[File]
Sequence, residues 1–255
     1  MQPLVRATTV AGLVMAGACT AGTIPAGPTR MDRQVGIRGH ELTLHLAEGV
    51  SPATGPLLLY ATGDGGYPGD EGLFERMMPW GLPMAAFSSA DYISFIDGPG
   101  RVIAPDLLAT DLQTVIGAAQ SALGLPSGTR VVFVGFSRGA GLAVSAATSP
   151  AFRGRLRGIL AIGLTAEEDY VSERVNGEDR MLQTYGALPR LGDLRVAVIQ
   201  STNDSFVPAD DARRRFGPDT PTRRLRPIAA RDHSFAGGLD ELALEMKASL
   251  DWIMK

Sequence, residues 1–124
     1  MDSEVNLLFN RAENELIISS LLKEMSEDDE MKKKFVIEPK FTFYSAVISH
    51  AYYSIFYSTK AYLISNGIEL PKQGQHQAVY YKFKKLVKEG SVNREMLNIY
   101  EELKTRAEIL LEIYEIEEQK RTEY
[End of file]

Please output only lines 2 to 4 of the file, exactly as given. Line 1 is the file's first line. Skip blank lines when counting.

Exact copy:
     1  MQPLVRATTV AGLVMAGACT AGTIPAGPTR MDRQVGIRGH ELTLHLAEGV
    51  SPATGPLLLY ATGDGGYPGD EGLFERMMPW GLPMAAFSSA DYISFIDGPG
   101  RVIAPDLLAT DLQTVIGAAQ SALGLPSGTR VVFVGFSRGA GLAVSAATSP